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Observations of a Rainy U.S. Women's Open
If you watched the U.S. Women's Open on TV Friday, you might be a little confused about what's going on. Didn't I see Paula Creamer, last year's U.S. Open champion, wearing two different outfits?
Blame Mother Nature. Blame those thunder and lightning showers that come across the front range of the Rockies in beautiful Colorado Springs where the tournament is being played at the Broadmoor Golf Club's East Course.
There was a plan: Thursday was the first round; Friday was to be the second round. Then the field of 156 would be cut to the low 60 players (and ties) and any player within 10 strokes of the leader. Those golfers that made the cut would compete on Saturday and Sunday for the title.
But, the schedule isn't going according to plan. On Thursday, play was suspended around noontime because of weather. Twenty-five players had completed Round 1. Fifty-nine players were somewhere on the course. Those players on the course had to mark their ball and head back to their hotel, and 72 players had not yet teed off on the first hole.
Friday, play began at 7:45 a.m. The practice range opened at 5:30! The players who had been on the course when play was suspended resumed play from their marked balls. That interruption of play - and loss of momentum - can take a toll. The 72 who never teed off Thursday looked forward to Friday when they would play their first round without interruption - Creamer was one of them. In fact, they faced a day when they could expect to start their second round in the afternoon and maybe get 36 holes in.
Aha, that's the answer to Paula Creamer's two outfits. After she finished Round 1, she took a quick break, changed clothes, maybe had time for some food and headed out to start Round 2.
The demands on golfers in this tournament are many. The 6000-plus-foot altitude does make the ball travel farther - especially if hit high. And the altitude is a physical strain for some. Then there's the rain. Not everyone reacts the same way to the interruption of play.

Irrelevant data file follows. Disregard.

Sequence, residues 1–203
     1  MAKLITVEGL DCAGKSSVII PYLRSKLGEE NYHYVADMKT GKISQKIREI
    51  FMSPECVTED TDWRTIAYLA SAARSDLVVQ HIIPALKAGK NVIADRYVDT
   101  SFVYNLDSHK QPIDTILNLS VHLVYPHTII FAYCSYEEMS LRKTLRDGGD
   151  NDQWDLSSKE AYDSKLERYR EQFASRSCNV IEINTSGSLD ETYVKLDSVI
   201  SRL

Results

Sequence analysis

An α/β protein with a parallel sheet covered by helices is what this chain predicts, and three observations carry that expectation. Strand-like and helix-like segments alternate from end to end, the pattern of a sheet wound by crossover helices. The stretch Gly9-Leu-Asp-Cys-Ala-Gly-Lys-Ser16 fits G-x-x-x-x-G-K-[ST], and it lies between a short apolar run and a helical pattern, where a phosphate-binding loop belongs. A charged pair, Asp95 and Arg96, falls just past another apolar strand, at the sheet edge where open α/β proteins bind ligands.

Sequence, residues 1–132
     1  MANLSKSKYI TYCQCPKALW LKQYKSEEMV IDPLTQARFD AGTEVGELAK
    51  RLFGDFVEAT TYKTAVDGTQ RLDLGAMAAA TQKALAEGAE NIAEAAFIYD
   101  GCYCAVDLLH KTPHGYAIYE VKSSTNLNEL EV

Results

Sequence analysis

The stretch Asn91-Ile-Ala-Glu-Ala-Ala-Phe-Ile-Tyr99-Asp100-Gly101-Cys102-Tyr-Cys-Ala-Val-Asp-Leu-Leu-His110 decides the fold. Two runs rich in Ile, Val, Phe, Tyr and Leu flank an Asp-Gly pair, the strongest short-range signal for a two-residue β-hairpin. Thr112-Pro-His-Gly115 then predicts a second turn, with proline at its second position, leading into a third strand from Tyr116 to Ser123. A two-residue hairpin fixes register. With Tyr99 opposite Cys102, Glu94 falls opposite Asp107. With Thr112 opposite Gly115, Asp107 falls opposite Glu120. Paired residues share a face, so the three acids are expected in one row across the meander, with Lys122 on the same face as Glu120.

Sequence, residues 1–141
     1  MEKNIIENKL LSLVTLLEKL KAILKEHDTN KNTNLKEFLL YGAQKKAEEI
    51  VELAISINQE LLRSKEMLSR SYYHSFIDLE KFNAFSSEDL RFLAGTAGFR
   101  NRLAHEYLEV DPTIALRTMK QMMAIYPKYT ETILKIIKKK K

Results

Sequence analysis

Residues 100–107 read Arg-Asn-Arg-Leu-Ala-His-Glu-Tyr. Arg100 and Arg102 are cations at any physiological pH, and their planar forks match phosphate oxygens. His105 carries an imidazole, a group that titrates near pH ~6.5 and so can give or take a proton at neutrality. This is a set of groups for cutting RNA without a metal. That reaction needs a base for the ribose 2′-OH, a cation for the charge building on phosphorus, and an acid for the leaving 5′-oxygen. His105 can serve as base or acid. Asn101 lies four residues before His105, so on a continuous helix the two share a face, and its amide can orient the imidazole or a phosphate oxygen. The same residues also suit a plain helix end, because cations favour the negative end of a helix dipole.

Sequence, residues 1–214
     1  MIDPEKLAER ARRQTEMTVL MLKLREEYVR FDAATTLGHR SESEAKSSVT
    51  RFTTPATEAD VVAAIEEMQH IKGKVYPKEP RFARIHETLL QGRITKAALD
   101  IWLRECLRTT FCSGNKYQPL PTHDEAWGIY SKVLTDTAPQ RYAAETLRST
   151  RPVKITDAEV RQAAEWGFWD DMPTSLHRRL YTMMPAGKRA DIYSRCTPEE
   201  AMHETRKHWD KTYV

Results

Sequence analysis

The USGA does a super-fantastic job of interviewing players and promptly sending out the transcripts to the media. When Christie Kerr, a former U.S. Women's Open champion and whose ball was in a fairway bunker when play stopped on Thursday, was asked by a USGA interviewer: "How frustrating is it to have the interruption?" Kerr answered: "It is, and you know, I've got a tough shot coming up ahead. At least I'll get to practice it in the morning you know before we go out."
When Amy Anderson, an amateur from North Dakota who qualified for the Open was asked in another interview about the weather delay, she answered: "You know what? Actually, I like the rain because it's gonna soften the course, make it a little easier to score. Yeah, the momentum, it does certainly slow that down. I wanted to keep going - at least I wanted to finish out my putting on hole 13. But I guess you can't really control the weather. I'm gonna go out there and just pretend I'm starting on hole 1, I guess, tomorrow."
The good news is that Round 1 has officially concluded. At that point Amy Anderson was tied for second with Lazette Salas, a recent graduate of USC. They are both one shot behind leader Stacy Lewis, the winner of the LPGA Championship earlier this year. Sounds like Amy's attitude served her well.